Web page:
This isn't directly about Raspberry Pi, but it's *fantastic* news. I wouldn't normally copy and paste an entire article to this board, but the only coverage I've been able to find so far is from the UK Times, which is behind a paywall most of you won't be able to get past. The URL for subscribers is http://www.thetimes.co.uk/tto/.....165320.ece
Secondary school children are to be taught computer programming skills under a new pilot initiative that will ultimately develop GCSEs and A levels in the subject, David Willetts, the Science Minister, announced today.
GCSE pupils at about 20 schools will take part in the Behind the Screen project, which aims to transform the information technology curriculum so that children can learn not only to use software but also to write computer code for their own purposes.
The pilot, which will start in November and run until the end of the school year, is supported by several computing companies including IBM, Google, Capgemini, Microsoft and Cisco, which will contribute to course development.
While information and communication technology is a compulsory part of the national curriculum, computer scientists and programmers have long argued that this course does not meet the demands of the digital economy as it does not offer opportunities to learn to write computer code.
The new pilot will instead develop a course that will teach computational principles, software development, computer coding skills and logic, so that pupils develop the ability to create software for themselves.
Mr Willetts, who launched the initiative at the British Science Festival in Bradford, said he hoped the pilot would begin to address criticisms of the ICT curriculum raised last month by Eric Schmidt, the chairman of Google, in his McTaggart lecture at the Edinburgh Television Festival.
Mr Willetts recounted how Mr Schmidt said: ‘Your IT curriculum focused on teaching how to use software but gives no insight into how it’s made. You’re throwing away your great computer heritage.’”
Mr Willetts continued: “That’s a point that has been put to me and my colleagues in the Department for Education a lot over the past few months, and I can announce today that it’s being tackled.
“There’s going to be a live pilot over two terms in schools of a programme that is going to transform the IT curriculum, away from computer literacy, which we believe mnay young people can do earlier, to move instead towards how they can develop software, computational principles, how they can create their own programs. We think that’s exactly what Eric Schmidt was calling for.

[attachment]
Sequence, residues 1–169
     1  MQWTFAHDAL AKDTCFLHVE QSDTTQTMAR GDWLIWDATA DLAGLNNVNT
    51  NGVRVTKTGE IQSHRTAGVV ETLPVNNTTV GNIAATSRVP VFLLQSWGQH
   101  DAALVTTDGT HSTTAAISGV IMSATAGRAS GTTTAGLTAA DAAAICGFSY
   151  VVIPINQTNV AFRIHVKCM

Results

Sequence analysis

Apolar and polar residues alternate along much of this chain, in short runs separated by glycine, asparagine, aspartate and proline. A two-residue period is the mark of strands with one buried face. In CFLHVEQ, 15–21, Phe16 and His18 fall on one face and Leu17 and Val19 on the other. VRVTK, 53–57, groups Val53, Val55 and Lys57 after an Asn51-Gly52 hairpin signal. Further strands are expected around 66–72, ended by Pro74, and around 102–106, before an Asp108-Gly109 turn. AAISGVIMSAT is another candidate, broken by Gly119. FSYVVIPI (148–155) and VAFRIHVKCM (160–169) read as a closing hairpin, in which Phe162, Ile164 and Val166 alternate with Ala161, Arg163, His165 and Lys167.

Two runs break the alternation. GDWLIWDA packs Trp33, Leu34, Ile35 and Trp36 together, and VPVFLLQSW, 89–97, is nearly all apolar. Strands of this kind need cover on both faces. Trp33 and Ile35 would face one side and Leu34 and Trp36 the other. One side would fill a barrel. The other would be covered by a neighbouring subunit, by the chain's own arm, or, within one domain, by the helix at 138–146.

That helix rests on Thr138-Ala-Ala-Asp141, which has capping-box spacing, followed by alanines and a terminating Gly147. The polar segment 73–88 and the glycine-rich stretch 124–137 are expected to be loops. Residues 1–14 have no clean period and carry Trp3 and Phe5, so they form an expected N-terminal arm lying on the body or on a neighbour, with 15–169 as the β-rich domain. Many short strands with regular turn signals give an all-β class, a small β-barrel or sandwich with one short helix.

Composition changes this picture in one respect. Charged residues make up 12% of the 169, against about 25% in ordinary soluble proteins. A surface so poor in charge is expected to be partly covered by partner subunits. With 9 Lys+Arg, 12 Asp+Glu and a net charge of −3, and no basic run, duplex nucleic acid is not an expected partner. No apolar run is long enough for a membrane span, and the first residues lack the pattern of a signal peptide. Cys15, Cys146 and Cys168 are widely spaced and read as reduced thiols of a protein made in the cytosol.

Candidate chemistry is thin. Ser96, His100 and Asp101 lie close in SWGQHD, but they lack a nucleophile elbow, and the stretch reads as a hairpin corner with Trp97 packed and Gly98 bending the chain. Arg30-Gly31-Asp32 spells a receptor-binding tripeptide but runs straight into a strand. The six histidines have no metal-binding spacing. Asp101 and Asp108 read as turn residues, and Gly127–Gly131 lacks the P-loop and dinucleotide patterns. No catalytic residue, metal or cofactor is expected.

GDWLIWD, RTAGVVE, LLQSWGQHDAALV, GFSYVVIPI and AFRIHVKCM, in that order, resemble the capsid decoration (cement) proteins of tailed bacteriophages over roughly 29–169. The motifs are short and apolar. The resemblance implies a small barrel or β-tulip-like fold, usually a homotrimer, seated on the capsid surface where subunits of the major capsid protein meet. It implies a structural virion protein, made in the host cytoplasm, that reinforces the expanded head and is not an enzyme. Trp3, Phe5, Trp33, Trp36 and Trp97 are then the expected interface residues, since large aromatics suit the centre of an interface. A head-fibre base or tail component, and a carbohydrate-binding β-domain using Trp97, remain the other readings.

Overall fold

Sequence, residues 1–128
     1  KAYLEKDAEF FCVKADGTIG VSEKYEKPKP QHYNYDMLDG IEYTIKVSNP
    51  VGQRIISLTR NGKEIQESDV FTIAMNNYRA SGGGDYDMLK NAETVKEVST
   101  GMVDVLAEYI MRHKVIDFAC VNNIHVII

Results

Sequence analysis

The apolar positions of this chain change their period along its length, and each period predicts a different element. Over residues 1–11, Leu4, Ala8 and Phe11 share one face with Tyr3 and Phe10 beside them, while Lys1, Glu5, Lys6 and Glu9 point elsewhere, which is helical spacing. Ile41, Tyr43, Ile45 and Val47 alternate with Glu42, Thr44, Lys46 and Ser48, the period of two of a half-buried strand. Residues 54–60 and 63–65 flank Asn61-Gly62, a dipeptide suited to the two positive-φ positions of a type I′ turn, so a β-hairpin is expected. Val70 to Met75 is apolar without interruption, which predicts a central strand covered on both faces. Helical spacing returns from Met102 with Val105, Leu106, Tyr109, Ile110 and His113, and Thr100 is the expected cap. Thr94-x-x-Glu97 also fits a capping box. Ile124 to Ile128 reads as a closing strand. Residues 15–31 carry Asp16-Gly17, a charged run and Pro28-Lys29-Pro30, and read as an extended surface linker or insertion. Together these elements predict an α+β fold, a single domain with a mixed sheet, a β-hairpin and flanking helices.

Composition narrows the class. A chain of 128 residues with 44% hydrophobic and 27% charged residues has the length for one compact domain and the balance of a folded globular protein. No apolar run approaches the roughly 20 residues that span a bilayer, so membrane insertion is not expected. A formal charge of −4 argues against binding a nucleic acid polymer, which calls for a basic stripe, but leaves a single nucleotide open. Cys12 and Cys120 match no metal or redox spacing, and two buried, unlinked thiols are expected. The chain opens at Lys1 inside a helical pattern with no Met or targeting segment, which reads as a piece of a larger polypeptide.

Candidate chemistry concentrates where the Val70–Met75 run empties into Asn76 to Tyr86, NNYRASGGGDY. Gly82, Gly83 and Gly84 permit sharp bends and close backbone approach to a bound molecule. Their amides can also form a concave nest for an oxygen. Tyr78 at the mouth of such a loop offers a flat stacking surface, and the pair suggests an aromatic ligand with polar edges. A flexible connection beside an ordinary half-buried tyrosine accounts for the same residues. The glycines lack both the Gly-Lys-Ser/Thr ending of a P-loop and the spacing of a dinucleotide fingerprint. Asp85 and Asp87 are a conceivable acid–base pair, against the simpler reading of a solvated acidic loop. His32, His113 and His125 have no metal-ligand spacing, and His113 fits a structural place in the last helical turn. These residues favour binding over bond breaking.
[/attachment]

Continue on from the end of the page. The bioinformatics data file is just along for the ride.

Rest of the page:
“We hope that after the pilot, where industry will be providing a lot of the learning resources, there will then be a programme that the examining boards, who support this in principle, will be able to use to support the construction of new GCSEs, new A levels. That in turn will improve the flow of pupils with these kind of skills into universities as well.”
Mr Willetts said: “I want to see the ability to create software, to write programs, that is one of the key functional skills for the 21st century, and young people going through school, college and university should have the opportunity to take part.”
The project was welcomed by computer scientists. Tom Crick, senior lecturer in computer science at the University of Wales Institute Cardiff, said: “There is a perception that ICT and computing are the same thing, but there is a big difference between using a computer and understanding it. Kids tend to think of computers as magic black boxes: they can use the software, but they don’t learn how to write it. If we want to drive digital innovation in the economy, we need to have these skills.”
John Graham-Cumming, a programmer who is campaigning for coding to be taught to primary school children, welcomed the pilot. “Children first need to learn to be literate, then they need to learn to be numerate and finally they need to learn to be ‘algorithm-ate’,” he said.
However, he added that ideally children would be introduced to computer programming at the age of 9 or 10. “We know that the core ideas can be learnt by little kids. If you taught reading really late people would form the view that it’s really hard and it’s the same for programming. If you don’t show children what it is they’ll develop the view that it’s hard, or even worse, dull by the time they’ve reached GCSE,” said Dr Graham-Cumming.
He said IT and programming were different skills. “IT is such a dull-sounding subject that conjures up helping someone out because their printer doesn’t work. It’s terrible that in the public’s mind programming is the same thing, because actually it’s like painting or writing in that it’s creating something new. Microsoft, Apple and Facebook were all started by people who knew how to programme.”